Svirfneblin are gnomes who live deep under the earth, in search of precious gems. Deep gnomes have to be resilient because their love for gems calls them to live in such a harsh environment. They have a reputation for being very serious and hard-working. Even so, in the midst of the darkness and confinement of the earth, the svirfneblin find ways to celebrate and recreate.
My experience has been that when you’re working in a difficult environment it’s really important to be able to find ways to recreate an celebrate. Can you find things to celebrate in the midst of difficulty?
Need your own character or monster illustrated? Send me an email.
On Sundays I’ve been posting illustrations I’ve made to use in RPGs like D&D. I’ve started determining what I draw using a Twitter poll, and this week slaadi have been chosen. Here is my illustration of a red slaad, a blue slaad and a green slaad:
(I expect I’ll come back to these, and add the grey slaad and death slaad at some stage.)
The slaadi are beings from the plane of limbo, which is a chaotic mess of different elements. The look like bipedal, reptilian toads with sharp teeth and claws. One of the things I find most interesting about them is their origin story. They were actually created by Primus, the god of the lawful neutral modron race, in an attempt to bring order to Limbo. instead of bringing order to the chaotic plane, Primus’ intervention created rigidly hierarchical of chaotic neutral beings: the slaadi.
I think it’s often tempting to think we know what is best, and to think we can improve things by recreating others in our own image – seeing them as a blank slate for ourselves to work with. i don’t think this normally goes to plan. folks might take on some of what we direct at them, but merge it with their own identity. in postcolonial studies, Homi Bhabha talks about this as ‘hybridity’ – colonised people will take on the culture of the colonisers, but also find ways of subverting it by mixing it with their own culture. Something like this is has happened in the creation of the slaadi – Primus thought he would bring order to a foreign plane, but instead his intervention created a new chaotic neutral race, who nevertheless reflected the modrons’ rigid hierarchy.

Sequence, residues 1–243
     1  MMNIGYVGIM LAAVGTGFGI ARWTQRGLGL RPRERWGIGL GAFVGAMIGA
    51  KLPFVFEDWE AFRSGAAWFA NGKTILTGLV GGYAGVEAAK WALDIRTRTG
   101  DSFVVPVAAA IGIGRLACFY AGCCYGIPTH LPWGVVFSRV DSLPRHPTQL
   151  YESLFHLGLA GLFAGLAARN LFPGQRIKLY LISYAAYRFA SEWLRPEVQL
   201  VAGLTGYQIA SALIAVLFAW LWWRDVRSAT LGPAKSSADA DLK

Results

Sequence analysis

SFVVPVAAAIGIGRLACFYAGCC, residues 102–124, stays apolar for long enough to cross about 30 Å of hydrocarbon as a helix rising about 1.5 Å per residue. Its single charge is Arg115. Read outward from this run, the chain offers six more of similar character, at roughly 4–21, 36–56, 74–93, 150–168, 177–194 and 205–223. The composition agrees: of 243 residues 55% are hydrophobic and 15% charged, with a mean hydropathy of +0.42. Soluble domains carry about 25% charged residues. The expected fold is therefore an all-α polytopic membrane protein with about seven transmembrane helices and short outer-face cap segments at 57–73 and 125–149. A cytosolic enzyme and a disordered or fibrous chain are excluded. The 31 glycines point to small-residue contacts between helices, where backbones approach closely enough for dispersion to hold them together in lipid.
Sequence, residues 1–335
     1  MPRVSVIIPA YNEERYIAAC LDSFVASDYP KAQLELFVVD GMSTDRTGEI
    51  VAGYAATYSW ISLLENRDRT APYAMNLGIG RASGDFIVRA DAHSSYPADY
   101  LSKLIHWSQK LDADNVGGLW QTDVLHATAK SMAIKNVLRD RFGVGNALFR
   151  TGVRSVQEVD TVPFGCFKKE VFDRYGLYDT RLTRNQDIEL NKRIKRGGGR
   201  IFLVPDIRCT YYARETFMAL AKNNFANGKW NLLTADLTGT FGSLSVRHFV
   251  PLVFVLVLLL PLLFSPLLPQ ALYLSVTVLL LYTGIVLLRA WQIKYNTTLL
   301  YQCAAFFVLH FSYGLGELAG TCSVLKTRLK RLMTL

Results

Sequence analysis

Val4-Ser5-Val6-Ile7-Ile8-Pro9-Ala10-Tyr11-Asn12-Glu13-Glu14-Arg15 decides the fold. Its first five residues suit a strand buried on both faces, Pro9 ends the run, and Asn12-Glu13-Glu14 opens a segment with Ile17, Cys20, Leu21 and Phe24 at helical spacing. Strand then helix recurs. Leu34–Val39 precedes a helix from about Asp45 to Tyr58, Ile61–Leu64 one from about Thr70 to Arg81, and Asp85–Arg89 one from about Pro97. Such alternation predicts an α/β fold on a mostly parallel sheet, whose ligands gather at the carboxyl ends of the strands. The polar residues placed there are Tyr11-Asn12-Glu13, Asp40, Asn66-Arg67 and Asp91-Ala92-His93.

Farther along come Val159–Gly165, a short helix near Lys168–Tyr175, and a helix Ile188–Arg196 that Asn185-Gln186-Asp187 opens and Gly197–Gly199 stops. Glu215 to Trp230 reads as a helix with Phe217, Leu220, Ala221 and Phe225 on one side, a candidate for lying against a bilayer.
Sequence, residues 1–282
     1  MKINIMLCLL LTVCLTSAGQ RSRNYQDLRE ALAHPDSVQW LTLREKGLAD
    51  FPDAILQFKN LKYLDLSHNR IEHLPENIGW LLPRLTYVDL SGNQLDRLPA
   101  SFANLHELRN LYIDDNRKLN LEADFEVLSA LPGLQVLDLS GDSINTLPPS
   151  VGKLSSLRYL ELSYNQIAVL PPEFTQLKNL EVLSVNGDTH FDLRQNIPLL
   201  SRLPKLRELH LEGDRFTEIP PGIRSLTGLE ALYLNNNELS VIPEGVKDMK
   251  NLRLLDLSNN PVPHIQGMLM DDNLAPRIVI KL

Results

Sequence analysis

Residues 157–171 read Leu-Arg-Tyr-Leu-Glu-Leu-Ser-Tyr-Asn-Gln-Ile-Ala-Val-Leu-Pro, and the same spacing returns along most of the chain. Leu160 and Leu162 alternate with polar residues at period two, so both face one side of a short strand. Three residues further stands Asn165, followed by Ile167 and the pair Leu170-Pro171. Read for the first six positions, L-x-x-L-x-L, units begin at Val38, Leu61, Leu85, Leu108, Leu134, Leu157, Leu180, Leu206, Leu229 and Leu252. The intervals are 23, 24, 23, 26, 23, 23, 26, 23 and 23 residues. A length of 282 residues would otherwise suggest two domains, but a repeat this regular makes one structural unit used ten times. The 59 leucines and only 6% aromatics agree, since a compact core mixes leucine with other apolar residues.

On Sundays I normally post illustrations I’ve made to use in Dungeons & Dragons games. The last two weeks I’ve tried out asking folks on Twitter to vote on what I should draw.
This week I’ve drawn some extinct Australian megafauna, and I’ll include some suggestions about stats.
Diprotodon This was a giant relative of wombats and koalas. I’d use the stats for a brown bear.
Palorchestes This was a marsupial tapir. I’d use the stats for a giant badger.
Thylaceo carnifex This was a marsupial lion. I’d use the stats for a panther.
Quinkana This was a giant, terrestrial crocodile. I’d use the stats for a giant crocodile, with some simple modifications. I’d remove the 50 foot swim speed, but I’d make it’s land speed 50 feet. I’d also remove it’s ‘Hold Breath’ ability.
Quinkana is named after quinkin – spirits from Aboriginal stories. I think there’s a lot of Aboriginal stories that would be interesting to use in D&D. I know there are discussions of this online, but I think there are problems with people who aren’t Aboriginal doing this. (I’ll see if I can post a bit about that later.)
On Sundays I normally post a monster illustration I’ve made to use in Dungeons & Dragons. Today’s monster is a displacer beast:
One of the things this monster got me thinking about is how the most bizarre monsters in D&D can become normalised. It’s basically a panther with six legs and clawed tentacles, but any seasoned player is going to know what makes this monster tricky to deal with. Displacer beasts are based on extraterrestrials called Coeurl, featured in the work of sci-fi author A. E. van Vogt. In his writing, humans who first encounter them don’t realise that they’re dangerous or even sentient. I think in D&D it can be hard to recreate this kind of situation with seasoned players if you’re using monsters from official books. Dylan has suggested using some features from Dungeon Crawl Classics, which allow the DM to generate monsters with random features so that the players can’t predict the creature’s behaviour. (If you can get a hold of the DCC core rulebook, check out the section called, ‘Making Monsters Mysterious’.)
On Sundays I normally post a monster illustration that I’ve made for Dungeons & Dragons games that I run. Today’s illustration is of a crocodile. In our society (particularly in Australia, where now and then someone is eaten by a crocodile) crocodiles are feared as monsters.
In ancient Egyptian society they were seen differently. They were respected as fearsome predators, but they were also associated with fertility and admired for the way they take care of their young – something that most reptiles don’t do. I wonder if there are any ways that this could be reflected in a game? (I have an idea that I’d like to try out, so when I’ve tried it out I’ll write about it to let you know how it went.
On Sundays I’ve been posting monster illustrations I’ve made for Dungeons and Dragons games I run. For the last few weeks it’s been monsters I’ve made or adapted, so I’ve also been including stat blocks. Today’s monster is a frozen flame elemental that I’ve made for the adventure I’ve been running over Twitter. You can download a PDF of the stat block, along with a bit of background, here. Let me know if you have any feedback.
On Sundays I’ve been publishing a monster illustration that I’ve made for Dungeons & Dragons games I run. Today I have another one that I’ve made up for the adventure I’ve been running over Twitter. With the alchemicats I wanted to create a monster that wasn’t a real threat but would just be annoying. It’s a monster that needs to be rescued, but doesn’t want to be rescued. It’s a monster that will attack adventurers, but which they need to bring back alive.
If you’d like to try this monster out, there’s a file here with stats and a bit of story. Let me know if you have any feedback.